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‘Warm Blob’ Of Water In Pacific Ocean Could Be Causing California’s Drought

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Jonathan O'Callaghan, Mail online

A mysterious ‘warm blob’ of water off the West coast of the US could explain why states like California are experiencing their worst ever drought, while the East is battered by freezing weather.

The blob in the ocean was discovered last year, with temperatures one to four degrees Celsius (two to seven degrees Fahrenheit) above surrounding ‘normal’ water.

And the blob has now extended about 1,000 miles (1,600km) offshore, from Mexico up to Alaska, and could herald a warmer summer for some regions.

A 'blob' of warm water 2,000 miles across is sitting in the Pacific Ocean (shown in diagram). Since last June it has extended from Alaska to Mexico. It has been present since 2013 and causing fish to seek shelter elsewhere. And a new University of Washington study says it could be responsible for droughts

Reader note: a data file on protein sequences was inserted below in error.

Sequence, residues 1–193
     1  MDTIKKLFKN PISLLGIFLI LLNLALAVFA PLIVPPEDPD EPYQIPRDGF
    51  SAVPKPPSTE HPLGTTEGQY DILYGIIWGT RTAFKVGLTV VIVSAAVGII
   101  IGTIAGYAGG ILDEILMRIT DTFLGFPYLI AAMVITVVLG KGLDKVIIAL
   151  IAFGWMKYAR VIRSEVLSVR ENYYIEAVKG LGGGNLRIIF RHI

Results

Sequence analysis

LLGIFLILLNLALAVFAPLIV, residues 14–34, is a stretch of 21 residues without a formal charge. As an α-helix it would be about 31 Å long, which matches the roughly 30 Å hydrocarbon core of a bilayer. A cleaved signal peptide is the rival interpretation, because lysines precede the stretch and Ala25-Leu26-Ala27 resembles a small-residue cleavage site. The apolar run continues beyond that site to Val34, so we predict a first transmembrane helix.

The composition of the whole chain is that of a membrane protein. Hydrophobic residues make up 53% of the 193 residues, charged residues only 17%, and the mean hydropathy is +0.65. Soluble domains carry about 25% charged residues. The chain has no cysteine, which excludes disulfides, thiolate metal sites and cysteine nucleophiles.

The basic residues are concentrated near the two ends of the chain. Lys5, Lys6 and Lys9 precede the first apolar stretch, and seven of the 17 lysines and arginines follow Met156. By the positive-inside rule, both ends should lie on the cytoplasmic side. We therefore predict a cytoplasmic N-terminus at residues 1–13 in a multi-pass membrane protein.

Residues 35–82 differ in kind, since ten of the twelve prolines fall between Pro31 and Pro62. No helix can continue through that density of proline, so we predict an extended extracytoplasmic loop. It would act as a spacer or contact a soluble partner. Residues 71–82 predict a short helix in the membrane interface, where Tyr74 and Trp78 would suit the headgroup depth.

A new study by the University of Washington found that a high-pressure ridge could be causing the blob, by trapping heat in the water.

In June of last year, the huge patch of water stretched 1,000 miles (1,600km) in each direction, and was 300ft (90 metres) deep.

Dr Nick Bond, a climate scientist at the University of Washington, coined the term ‘the blob’ in June.

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